Sent by Melody | 12:17 PM | 5-19-2008

Thank you NPR. Your stories always shine of humanity, sympathy, and objectivity
. I've been reading them for a week, and you have never made me disappointed.

I've been a fan of NPR for quite a while, but what you did after this
earthquake have made me trust your channel more than ever. I truly appreciate your effort to report real life of real people in China, especially after such a disaster.

Sent by Q Xiao | 2:58 PM | 5-19-2008

I am a Chinese living in Canada. "Sit down! Eat!" my mom says that to me all the time. Chinese are not very good at expressing feelings. It is their way to show their care and say thank you. Please be take care and be safe.

Sent by wec080 | 4:56 PM | 5-19-2008

Once again NPR and Public broadcasting show their chops, blowing away the for-profit news agencies. For the first time since Tienanmen Square I see the bravely humane face of China. And it appears the Gov't reacted much more rapidly and efficiently than the Bush administration did on Katrina. Can the US get nothing right anymore?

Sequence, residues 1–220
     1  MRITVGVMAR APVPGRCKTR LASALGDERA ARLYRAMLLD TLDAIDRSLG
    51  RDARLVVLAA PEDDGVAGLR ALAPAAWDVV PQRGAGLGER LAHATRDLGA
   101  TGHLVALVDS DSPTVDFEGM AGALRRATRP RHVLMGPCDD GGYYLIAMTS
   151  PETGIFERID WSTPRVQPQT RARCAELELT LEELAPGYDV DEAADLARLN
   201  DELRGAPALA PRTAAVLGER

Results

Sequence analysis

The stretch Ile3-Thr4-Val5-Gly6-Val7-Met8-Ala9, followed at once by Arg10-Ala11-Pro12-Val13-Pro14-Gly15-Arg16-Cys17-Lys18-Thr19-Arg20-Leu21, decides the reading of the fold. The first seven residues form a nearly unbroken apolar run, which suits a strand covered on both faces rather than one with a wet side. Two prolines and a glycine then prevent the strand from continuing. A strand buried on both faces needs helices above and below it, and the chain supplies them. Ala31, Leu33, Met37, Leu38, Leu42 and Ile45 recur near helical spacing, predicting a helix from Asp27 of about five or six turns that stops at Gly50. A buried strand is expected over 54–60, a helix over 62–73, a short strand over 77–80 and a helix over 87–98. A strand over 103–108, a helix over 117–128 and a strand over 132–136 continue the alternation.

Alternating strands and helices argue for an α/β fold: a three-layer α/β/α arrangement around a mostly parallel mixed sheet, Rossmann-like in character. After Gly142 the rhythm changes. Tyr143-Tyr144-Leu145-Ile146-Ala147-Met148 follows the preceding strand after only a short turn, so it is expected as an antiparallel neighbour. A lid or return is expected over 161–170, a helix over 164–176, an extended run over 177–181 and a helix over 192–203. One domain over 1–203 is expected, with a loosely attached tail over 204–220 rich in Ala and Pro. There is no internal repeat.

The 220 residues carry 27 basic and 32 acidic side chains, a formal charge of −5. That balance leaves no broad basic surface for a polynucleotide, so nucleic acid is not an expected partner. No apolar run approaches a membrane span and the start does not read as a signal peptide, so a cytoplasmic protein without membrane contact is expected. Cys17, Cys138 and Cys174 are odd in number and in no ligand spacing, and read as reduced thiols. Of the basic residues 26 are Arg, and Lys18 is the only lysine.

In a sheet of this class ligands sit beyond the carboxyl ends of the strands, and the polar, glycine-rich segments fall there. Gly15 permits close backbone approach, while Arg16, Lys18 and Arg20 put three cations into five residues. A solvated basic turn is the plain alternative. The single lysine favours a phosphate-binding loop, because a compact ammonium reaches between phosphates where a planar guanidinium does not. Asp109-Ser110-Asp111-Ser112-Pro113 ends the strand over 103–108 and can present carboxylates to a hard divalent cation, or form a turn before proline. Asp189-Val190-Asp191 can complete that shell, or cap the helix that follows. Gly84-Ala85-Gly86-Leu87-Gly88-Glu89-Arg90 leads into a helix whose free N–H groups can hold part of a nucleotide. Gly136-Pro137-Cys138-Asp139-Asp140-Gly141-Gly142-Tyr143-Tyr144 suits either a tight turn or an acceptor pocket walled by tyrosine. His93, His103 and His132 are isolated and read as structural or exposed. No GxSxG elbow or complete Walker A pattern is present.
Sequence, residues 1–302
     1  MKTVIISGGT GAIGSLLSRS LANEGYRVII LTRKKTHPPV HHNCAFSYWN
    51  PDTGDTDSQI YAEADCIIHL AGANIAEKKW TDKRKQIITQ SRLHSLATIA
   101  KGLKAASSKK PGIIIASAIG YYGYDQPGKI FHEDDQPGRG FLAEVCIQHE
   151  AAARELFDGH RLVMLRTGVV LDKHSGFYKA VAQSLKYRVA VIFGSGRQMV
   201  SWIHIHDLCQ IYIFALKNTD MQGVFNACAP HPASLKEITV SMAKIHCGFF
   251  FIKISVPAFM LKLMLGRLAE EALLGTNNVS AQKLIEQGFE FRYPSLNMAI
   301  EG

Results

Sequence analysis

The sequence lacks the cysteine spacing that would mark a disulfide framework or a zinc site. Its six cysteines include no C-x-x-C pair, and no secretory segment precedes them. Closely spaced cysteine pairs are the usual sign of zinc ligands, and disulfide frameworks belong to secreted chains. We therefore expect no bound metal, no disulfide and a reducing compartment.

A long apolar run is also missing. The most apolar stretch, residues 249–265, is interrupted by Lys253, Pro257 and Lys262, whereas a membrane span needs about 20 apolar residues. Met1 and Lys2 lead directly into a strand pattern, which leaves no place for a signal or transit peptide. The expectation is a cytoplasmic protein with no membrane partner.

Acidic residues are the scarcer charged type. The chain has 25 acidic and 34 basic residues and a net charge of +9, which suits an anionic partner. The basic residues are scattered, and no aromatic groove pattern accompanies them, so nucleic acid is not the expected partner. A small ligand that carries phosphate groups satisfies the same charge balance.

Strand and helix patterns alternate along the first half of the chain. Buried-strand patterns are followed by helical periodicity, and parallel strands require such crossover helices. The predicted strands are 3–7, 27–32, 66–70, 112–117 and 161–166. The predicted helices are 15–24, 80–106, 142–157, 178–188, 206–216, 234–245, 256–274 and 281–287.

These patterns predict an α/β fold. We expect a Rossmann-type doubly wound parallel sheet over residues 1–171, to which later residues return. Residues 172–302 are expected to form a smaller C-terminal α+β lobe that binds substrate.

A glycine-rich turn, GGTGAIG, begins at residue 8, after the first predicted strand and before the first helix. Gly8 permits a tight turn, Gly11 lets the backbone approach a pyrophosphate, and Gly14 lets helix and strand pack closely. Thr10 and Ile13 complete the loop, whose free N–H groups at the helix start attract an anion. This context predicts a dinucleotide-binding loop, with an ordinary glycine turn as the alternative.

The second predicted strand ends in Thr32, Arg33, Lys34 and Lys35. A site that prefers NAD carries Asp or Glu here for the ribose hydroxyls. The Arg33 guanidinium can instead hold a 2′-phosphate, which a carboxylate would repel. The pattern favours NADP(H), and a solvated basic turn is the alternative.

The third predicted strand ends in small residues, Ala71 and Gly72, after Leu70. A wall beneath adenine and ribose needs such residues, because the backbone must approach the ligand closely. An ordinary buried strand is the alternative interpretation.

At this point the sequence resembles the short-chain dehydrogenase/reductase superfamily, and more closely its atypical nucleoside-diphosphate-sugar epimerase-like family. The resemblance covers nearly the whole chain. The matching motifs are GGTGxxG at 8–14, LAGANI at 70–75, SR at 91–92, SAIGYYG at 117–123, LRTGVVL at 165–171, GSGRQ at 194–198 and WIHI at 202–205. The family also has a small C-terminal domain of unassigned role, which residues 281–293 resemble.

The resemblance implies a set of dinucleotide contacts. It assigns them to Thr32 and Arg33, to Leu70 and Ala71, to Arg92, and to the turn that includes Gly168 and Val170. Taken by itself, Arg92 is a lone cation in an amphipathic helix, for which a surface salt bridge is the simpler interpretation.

Sent by Rique | 5:03 PM | 5-19-2008

Hi Louisa,

I'm from Singapore. Did you happen to see our Singapore rescue team in Hongbai? They were performing rescue work in the Hongbai area.

Sent by alvin | 4:58 AM | 5-21-2008

Just love your coverage from China since the quake, wish there is a team out there reporting from other parts of China and other stories and culture exchanges. It's the best form of diplomacy bridging the gap between the west and the East. No war just better the understanding.

Sent by Jean of San Deigo | 1:25 AM | 5-23-2008

I just want to thank NPR's crew, whom I regard as the most professional jounalists, to share us their hand-on experience in China

Sent by Frank | 7:41 PM | 5-23-2008